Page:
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"Characters can do anything, including flying, defeating all evil and staying forever young. They can do all this because they are made of the stuff our dreams, wishes and imagination are made of"
Jeffrey Scott talks about "How to Write for Animation"
Characters Engage Showcase: Tom Isaksen
Jeffrey Scott needs no introduction. The grandson of Moe Howard of the "Three Stooges" has written over 700 animated cartoons and his credits include motion pictures, TV and the stage. Many of our readers will also know Jeffrey Scott as the author of "HOW TO WRITE FOR ANIMATION".
In the foreword to this important book Joseph Barbera wrote, "With HOW TO WRITE FOR ANIMATION, Jeffrey has cut a clear path that will take aspiring animation writers from their first confrontation with the dreaded "blank page", past the dangers of falling anvils, all the way through to a confident understanding of how to write animation. Jeffrey has done a masterful job of condensing 25 years of experience into an easy to read, step-by-step journey through the cartoon writing process."
After a recent reprint, Characters Engage spoke to Jeffrey Scott about "HOW TO WRITE FOR ANIMATION".
CE: Jeffrey Scott, your book has received the highest praise from industry giants such as Jeffrey Katzenberg, Peter Roth, Stan Lee, Andy Heyward and Haim Saban. What made you write “HOW TO WRITE FOR ANIMATION”?
JS: About 15 years ago I wrote a column for Animation Magazine called “The Write Stuff” in which I discussed various tips on animation writing. The column ended after about two years, at which time I didn’t give it much thought. But then, after getting many emails and questions about how to write animation I realized that I could put these columns together, fill in the blanks, add a premise, outline and script for a "TEENAGE MUTANT NINJA TURTLE" episode and a full series bible I had developed, and turn it into a book. And best of all, instead of writing individual answers to all the queries I was getting, I could just say, “BUY MY BOOK!”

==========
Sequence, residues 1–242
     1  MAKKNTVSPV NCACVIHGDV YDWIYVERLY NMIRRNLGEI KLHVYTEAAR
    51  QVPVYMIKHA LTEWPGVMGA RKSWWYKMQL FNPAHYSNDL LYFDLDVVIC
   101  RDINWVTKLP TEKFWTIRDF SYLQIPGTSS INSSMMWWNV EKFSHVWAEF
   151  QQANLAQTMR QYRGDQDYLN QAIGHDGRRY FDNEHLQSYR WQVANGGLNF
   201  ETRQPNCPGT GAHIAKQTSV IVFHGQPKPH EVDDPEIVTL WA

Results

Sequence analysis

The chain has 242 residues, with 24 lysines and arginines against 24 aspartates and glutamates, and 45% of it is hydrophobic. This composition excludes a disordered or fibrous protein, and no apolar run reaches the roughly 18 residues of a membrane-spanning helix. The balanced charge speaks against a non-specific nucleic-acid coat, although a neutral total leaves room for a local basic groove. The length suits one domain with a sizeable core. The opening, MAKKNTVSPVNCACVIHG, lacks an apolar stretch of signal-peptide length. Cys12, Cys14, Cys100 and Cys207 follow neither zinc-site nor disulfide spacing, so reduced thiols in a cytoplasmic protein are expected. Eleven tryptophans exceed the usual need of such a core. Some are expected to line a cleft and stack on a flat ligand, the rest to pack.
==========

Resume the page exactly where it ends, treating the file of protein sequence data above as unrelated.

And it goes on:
CE: SVP Playhouse Disney Worldwide at The Walt Disney Company, Nancy Kanter, said, “Jeffrey Scott has written the definitive sourcebook for anyone interested in the world of animation and script writing...”. Who did you write this book for and what will they find in it?
JS: Well, as noted above, I wrote it for all the folks who were asking me questions. But seriously, it’s designed for several audiences. First are those who want to learn how to write for animated television. It should be noted that this book is not for people looking for information on how to write animated features (though there are some great tips in my book that would help them, and so they should read the book). The reason I didn’t go deep into animated feature writing is because they are written with virtually the same structure as live features. So if you’re interested in learning how to write animated features you really need to read Robert McKee’s "Story", Syd Field’s "Screenplay", Christopher Vogler’s "The Writer's Journey", John Truby’s "The Anatomy of Story", and other top books on screenplay structure. The only difference between animated and live features is that animation is more visually oriented, and the audience is almost always what’s called “crossover”, meaning it crosses over between adults and kids. So the story works visually for little kids, while at the same time working emotionally and comically in a way that’s satisfying to adults. The second audience for my book are TV animation professionals, including writers, editors, producers and execs, because everyone in the business needs to know how the stories work. There is a lot in the book that can be very helpful to professional story editors and producers who need to get their writers writing right...and right away! And finally, the book is for any writer (animation, live, novels, etc.) because there are many creative tips that cross all genres of writing. And one, good, useful tip is worth the price of any book.
CE: You worked with and for the people who invented scriptwriting for animation, for decades. How important was this practical experience and to what extent is it reflected in the book, when it comes to practical tips and hints for scriptwriters?